That's how we came across Attix 5 and we have always had this close relationship with them. Then, we wanted more control over the direction of travel the software was taking, so in 2015 we bought them.

One reason was that at that time our customers were telling us that they wanted faster releases so that they could get more functionality, more quickly, and so we moved onto a monthly release cycle.

Because we had our cloud platform, we got massive amounts of feedback on how to improve the product. Our customers really liked that, but they also liked that they were in control of the whole stack from software development through to the platform, through to offering really good customer support.

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Because the customers are in the whole stack, their feedback gets through quickly to us and equally quickly back to them.

We have gone from being a little company based down in Reading to becoming an international software company focused on data management. We have customers in South Africa, North America, the Middle East, Australasia, and we're growing.

What's your unique point of difference?

This all-in-one approach is one of the key things that we have been doing. We are the backup and DR which was two-in-one, and now we are adding more functionality with archive, which is three-in-one.

We are doing things like offering a companion to archiving which can work out what data can be archived. That's the start of our data insight journey and that makes it four-in-one.

We are going to be bringing out a search and discovery app. Now, the great thing about backup is that you have always pulled your data back to a storage platform, a single repository. What better place to start your global search and discover than a single repository?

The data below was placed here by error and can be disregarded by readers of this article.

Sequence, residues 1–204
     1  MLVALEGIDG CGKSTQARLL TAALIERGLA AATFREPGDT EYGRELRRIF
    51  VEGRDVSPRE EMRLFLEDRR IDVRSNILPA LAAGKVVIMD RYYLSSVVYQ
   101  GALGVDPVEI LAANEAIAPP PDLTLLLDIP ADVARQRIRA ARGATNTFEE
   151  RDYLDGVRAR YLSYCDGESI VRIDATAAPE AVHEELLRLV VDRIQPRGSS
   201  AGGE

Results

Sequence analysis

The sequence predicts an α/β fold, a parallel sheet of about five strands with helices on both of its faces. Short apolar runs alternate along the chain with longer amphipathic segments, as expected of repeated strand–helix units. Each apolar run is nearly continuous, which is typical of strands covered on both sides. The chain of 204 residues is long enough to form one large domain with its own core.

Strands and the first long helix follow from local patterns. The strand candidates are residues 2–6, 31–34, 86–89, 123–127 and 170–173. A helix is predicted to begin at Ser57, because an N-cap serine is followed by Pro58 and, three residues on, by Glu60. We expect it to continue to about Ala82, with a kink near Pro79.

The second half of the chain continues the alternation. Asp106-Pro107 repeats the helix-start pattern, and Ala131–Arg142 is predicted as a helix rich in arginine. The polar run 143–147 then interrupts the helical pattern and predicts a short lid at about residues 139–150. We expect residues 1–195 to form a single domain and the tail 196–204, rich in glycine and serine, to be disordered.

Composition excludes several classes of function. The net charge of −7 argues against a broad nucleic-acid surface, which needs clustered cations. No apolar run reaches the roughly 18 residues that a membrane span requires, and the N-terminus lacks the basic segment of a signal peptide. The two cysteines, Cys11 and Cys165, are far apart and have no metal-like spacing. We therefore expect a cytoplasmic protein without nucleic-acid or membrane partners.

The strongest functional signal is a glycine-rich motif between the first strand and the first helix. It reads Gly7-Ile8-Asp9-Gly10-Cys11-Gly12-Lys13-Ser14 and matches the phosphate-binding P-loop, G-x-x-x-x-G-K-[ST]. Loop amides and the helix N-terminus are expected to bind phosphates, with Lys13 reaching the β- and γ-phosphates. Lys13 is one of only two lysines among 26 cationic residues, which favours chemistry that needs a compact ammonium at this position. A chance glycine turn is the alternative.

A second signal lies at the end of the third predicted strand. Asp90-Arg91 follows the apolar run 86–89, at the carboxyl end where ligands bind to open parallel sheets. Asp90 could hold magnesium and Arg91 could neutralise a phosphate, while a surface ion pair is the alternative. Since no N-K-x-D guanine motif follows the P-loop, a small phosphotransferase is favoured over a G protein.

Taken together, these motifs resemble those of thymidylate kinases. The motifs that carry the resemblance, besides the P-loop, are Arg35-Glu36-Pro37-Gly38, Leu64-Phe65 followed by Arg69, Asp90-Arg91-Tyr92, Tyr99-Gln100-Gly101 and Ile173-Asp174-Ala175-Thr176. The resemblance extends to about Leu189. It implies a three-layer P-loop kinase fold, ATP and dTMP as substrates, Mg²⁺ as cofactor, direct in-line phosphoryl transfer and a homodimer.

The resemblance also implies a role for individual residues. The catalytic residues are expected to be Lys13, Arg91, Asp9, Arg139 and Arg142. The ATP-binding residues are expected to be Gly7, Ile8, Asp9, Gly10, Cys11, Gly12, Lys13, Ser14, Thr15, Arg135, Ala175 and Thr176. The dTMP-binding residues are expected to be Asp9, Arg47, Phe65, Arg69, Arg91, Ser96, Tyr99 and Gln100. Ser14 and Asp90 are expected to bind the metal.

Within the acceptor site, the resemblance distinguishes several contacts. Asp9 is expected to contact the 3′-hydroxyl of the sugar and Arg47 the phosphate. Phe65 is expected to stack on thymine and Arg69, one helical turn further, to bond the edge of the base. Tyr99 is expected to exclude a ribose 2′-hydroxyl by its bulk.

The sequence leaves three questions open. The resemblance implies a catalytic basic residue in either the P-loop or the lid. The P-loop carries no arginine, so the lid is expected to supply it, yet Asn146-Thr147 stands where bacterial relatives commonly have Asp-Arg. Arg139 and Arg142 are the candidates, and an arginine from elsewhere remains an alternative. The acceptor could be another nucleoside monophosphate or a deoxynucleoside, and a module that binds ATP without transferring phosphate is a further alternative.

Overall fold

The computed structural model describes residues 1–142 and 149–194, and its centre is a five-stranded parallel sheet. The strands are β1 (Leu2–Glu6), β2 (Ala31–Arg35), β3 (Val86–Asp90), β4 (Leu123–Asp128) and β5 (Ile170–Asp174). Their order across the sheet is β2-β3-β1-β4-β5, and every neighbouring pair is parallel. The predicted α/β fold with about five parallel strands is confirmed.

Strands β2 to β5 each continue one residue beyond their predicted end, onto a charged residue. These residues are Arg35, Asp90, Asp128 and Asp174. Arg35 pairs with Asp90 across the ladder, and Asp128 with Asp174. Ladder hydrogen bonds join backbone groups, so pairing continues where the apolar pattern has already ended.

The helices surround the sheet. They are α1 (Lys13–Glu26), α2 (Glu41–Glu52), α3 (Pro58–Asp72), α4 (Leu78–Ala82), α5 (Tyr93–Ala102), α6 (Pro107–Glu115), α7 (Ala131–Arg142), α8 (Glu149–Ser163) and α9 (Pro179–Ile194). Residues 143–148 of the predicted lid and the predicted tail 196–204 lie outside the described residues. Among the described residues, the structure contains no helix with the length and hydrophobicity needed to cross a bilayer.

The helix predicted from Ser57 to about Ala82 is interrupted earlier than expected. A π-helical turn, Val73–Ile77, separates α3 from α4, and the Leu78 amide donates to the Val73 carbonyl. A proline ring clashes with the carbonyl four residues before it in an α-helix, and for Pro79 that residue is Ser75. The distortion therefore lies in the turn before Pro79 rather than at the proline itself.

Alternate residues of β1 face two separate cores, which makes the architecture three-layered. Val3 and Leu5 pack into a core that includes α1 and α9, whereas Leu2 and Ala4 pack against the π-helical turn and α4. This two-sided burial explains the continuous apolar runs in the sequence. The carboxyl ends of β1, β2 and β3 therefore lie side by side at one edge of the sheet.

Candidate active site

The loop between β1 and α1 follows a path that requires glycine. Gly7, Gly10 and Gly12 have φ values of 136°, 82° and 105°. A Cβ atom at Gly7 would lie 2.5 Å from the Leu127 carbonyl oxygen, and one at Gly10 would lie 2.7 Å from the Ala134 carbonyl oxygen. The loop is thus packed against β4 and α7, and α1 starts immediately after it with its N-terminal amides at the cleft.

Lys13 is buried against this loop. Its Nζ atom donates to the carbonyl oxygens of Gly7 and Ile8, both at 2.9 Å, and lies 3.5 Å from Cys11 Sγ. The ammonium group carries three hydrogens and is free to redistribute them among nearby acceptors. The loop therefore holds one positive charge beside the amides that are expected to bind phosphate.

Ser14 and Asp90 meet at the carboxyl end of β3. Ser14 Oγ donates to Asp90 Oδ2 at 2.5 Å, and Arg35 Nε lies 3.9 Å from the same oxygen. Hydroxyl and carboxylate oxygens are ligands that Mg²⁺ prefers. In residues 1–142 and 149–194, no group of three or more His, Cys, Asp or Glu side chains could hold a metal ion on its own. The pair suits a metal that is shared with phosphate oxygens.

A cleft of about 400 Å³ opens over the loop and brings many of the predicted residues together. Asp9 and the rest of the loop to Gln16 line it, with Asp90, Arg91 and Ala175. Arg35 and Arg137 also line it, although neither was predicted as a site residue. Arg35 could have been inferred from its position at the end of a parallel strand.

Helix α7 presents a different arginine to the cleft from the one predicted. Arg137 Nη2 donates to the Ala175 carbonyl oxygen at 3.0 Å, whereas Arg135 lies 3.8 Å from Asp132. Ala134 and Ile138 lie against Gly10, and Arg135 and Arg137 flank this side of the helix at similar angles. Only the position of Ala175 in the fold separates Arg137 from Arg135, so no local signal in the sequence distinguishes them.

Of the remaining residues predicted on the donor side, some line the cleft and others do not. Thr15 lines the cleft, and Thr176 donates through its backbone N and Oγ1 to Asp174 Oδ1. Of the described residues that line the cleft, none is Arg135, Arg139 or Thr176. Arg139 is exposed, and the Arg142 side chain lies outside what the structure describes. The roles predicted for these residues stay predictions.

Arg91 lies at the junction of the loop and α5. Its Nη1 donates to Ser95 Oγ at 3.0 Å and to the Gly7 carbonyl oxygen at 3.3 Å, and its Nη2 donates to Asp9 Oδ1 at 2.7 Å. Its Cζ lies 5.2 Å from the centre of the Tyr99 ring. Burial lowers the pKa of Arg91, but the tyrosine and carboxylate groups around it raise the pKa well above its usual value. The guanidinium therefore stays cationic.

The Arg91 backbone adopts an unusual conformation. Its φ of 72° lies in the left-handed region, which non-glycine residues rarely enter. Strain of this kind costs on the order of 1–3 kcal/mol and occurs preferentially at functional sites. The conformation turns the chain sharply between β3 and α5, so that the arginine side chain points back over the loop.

This is a really interesting area for us -- the ability of our customers to search all of their data in one place and/or to identify where that data came from. Because if you were to put the restore onto, theoretically, all of the data that was to be backed up then all of those individual data stores would be in that single repository.

What sort of interface are you going to have on this repository? Is it going to be highly technical or simple to use?

Campbell: We are trying to make it as easy to use as possible. Typically, it will take about 30 minutes to show someone how to do a restore. And then as far as all the machines are concerned and the connections between them, you can manage it all through a single interface.

It's a long way from the experience where you needed a two-week training course. Instead of leaving people to try to learn and manage all the intricacies of it, we have tried to make it really simple.

But are you going to leave the choices up to the customer because some will want everything in one place but some will want it diversified?

You're right, but for our standard offering we will always keep two models of the data for our own. If they are a UK customer they can send the data to our datacentre in Slough and it gets replicated to our centre in Reading.

We have lots and lots of options around keeping the data locally and they have the option to keep the data locally themselves and options around being able to do restore more quickly.

We've also done loads of work to make the experience of moving the data to the cloud platform as fast and efficient as possible -- one of the major things we've done is to use some functionality within the data.

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What we do is make it appear that the data is recovered by using sparse files. We had a customer who had a RAID set failure and lost terabytes of data. Now what they can do is drop that entire dataset to disk. It takes a couple of minutes to create the sparse files on disk and immediately, from that point, you can start accessing those files on disk.

Instead of waiting, as you used to have to, for terabytes of data to come over from disk, you can now, within a couple of minutes, get things up and running again. And that's all happening over the internet.